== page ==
I feel sorry for people who don’t get the NFL network. How do they handle the football off-season? All they have is ESPN with its yapping about the Sawks and Yankees, college softball, the NBA, and poker.
The NFL network has its share of fluff (although it is football fluff). They also have the best sports series ever created: America’s Game
, a history of the teams that have won the Super Bowl.
Each episode mixes game footage with interviews from three or four people from the team. These interviews are a nice blend of superstars and role-players. We hear from Starr, Namath, and Staubach, but we also hear from Randy Grossman and Chuck Mercin.
There is poignancy to many of these interviews, especially those for the first dozen or so Super Bowls. The players, superstar and role-player alike, are old men and have had decades to reflect on their shining moment. Dwight White reminds us that when Time
magazine put the original Steel Curtain on its cover it was putting four black faces on real estate that was a white preserve at that time. My favorite Cowboy--Bob Lilly--hearkens back to another era when he confesses his embarrassment at throwing his helmet when Dallas lost upper Bowl V.
The film highlights and interviews recover history from the tyranny of the stats tables. When commentators talk about great running backs, they rarely mention Franco Harris anymore. His numbers look unimpressive today. But in America’s Game the viewers can see the Franco who was a marvel: a 235 pound bull going up the middle and, then, past the line of scrimmage, breaking into that long, gliding stride that made him a fullback with something extra.
In volume 10 we see the essential Franco. On a frozen field covered by icy artificial turf, Harris takes the ball against Oakland. The play is designed to go inside but there is no hole. He reverses field and breaks outside. Al Davis still whines that the Steelers iced the field that day to negate the Raiders’s team speed. Yet, there goes Franco down the sideline for a 25-yard touchdown.
The greatest Steeler, Joe Greene, give props to his old teammate. The Steelers, he notes, never won anything before Franco. But with Franco, “all we did was win.”
Winning, obviously, is the common theme to all the episodes. Despite all the changes in the game, the keys to winning remain constant. One week we see Bill Belichick in 2004 exhorting the Patriots to play “fundamentally sound football.” The next week Randy Grossman admits that Steelers football was not flashy; Chuck Noll just stressed the fundamentals, each day, every day, for years. Of course, there is Lombardi and the Sweep, refining fundamentals down to the elemental in the blast furnace of his personality and the practice field.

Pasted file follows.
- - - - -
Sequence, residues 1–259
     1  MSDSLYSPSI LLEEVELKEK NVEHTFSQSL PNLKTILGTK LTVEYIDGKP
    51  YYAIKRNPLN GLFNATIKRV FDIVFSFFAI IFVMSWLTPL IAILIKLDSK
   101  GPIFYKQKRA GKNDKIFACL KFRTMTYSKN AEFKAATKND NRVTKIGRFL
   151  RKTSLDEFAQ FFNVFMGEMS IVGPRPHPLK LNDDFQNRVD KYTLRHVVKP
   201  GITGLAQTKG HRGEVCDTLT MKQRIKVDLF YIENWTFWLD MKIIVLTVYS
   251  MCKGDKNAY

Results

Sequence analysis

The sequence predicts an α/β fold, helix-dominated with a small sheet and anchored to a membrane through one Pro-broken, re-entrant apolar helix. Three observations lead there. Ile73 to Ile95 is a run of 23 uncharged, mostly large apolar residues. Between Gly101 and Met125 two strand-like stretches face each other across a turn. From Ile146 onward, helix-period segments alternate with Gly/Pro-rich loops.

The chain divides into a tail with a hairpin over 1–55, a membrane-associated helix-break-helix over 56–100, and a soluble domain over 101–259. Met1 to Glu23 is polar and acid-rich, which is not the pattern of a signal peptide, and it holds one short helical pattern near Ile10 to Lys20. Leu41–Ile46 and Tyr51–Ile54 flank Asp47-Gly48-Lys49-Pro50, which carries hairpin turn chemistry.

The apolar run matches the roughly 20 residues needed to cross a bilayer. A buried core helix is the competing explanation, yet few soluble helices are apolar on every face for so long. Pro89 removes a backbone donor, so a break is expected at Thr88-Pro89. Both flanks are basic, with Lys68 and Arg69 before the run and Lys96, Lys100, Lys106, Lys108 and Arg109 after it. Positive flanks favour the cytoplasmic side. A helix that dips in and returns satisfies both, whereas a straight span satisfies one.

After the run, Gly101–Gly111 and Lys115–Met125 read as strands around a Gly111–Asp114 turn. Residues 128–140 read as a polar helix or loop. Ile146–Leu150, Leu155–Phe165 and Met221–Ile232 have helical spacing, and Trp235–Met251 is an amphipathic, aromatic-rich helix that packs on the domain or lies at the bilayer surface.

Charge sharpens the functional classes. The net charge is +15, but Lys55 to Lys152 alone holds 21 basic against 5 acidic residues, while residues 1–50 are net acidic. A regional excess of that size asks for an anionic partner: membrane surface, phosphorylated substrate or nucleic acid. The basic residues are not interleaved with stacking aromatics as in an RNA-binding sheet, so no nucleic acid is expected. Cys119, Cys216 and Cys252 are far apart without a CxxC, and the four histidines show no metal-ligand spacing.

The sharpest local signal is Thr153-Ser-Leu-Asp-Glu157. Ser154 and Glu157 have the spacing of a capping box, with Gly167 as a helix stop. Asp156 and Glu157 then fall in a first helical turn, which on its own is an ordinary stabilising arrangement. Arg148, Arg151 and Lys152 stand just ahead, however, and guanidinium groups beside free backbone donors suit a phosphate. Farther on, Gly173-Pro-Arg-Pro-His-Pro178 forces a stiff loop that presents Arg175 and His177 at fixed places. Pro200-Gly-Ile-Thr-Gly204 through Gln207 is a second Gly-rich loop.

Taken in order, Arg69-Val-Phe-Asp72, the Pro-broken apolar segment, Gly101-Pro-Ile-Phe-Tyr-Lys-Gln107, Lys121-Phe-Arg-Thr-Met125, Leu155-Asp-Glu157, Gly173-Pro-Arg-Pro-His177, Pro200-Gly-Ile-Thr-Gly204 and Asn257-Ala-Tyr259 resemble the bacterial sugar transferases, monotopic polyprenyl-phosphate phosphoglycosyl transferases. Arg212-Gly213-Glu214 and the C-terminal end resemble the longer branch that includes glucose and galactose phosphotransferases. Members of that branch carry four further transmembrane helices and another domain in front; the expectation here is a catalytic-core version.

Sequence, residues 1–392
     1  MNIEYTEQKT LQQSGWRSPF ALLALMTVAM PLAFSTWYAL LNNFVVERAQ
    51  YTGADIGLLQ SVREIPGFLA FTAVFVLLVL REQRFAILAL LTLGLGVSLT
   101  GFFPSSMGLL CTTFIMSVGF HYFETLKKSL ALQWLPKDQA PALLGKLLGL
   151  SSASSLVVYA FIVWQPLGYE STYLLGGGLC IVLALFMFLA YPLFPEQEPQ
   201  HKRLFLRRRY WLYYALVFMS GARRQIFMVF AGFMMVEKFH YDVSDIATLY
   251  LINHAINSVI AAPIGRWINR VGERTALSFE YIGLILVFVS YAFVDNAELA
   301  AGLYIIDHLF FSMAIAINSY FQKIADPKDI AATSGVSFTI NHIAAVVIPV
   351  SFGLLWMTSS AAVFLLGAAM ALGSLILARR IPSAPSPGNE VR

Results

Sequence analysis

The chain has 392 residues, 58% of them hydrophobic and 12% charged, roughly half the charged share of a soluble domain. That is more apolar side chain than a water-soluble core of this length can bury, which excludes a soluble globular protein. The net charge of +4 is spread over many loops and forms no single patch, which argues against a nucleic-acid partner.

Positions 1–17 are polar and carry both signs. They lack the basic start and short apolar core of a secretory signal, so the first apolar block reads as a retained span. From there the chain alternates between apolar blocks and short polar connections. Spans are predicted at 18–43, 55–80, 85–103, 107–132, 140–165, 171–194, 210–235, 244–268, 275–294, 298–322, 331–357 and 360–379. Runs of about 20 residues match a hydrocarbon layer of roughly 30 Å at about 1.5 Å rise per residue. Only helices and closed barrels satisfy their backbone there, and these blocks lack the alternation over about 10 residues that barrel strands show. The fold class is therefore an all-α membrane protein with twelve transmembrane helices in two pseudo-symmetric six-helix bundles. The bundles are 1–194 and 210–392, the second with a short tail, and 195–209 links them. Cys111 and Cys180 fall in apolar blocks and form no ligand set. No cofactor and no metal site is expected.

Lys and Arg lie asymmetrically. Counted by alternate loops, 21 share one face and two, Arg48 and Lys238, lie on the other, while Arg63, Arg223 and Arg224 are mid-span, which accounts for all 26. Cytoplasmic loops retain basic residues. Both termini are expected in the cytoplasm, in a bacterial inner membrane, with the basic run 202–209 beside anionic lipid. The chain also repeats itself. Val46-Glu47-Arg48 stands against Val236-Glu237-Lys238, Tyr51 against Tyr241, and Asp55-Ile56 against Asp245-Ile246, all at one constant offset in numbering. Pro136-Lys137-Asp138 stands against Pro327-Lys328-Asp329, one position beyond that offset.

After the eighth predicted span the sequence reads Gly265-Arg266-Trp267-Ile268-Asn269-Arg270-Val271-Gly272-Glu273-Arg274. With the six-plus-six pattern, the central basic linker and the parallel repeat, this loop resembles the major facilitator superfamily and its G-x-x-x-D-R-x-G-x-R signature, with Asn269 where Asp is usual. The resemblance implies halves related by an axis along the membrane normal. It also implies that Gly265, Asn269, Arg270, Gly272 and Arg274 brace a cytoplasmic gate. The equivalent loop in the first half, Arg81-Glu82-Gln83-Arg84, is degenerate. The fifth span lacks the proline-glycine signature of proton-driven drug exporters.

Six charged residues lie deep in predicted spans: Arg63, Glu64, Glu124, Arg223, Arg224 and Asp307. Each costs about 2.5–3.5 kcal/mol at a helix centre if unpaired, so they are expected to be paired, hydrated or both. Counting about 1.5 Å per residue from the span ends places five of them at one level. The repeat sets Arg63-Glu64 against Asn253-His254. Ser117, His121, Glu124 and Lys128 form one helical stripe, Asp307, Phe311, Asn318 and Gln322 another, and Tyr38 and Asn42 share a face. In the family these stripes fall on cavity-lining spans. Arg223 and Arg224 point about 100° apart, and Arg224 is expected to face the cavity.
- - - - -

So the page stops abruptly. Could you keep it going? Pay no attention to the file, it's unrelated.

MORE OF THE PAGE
The two volumes on the Dolphins are notable for their insight into the alchemy of victory. The players are, rightfully, proud of their group achievements, especially the perfect 17-0 season of 1972. Yet they emphasize selflessness as the key ingredient for their success.
Larry Csonka marvels at Bob Griese play-calling in a victory over the Vikings. With the game on the line and the Dolphins driving on Minnesota’s 3 yardline, Miami used a play-action pass to score the go-ahead touchdown. Csonka, the greatest power back of the Super Bowl era, shows as much satisfaction with this play as he does for any of the times when his number was called to seal the victory. He is happy to be the decoy while Jim Mandich catches the winning score. All that mattered is that the Dolphins walked away winners.America’s Game
makes an interesting counter-point to the ESPN’s documentary “Third and a Mile
.” Two of the stars of the ESPN production played on the Dolphins and Steelers. To William C. Rhoden and the WWL, Joe Gilliam and Marlin Briscoe were victims. They are, simply, black quarterbacks who were denied a chance to play that position because of their race. With America’s Game, we get context. Larry Csonka avers that that he would not have traded Bob Griese for Joe Namath. Griese’s field generalship was the key piece of the Miami machine. It was not skin color that kept Briscoe at wide receiver with Dolphins; it was Shula’s masterful orchestration of his available talent. Griese was the man who could keep the machine running without a hiccup.
When Joe Greene is asked about the quarterback controversy in 1974, he is forthright about his belief at that time that Bradshaw, not Gilliam, was the man who could best help the Steelers win.
Rhoden told his story looking only through the prism of race. He ignored the complex alchemy of winning and created a fake history. America’s Game
, thankfully, rescues “the ultimate team sport” from the tyranny of the highlight clip and the falsity of ideology. It shows us what football success is all about.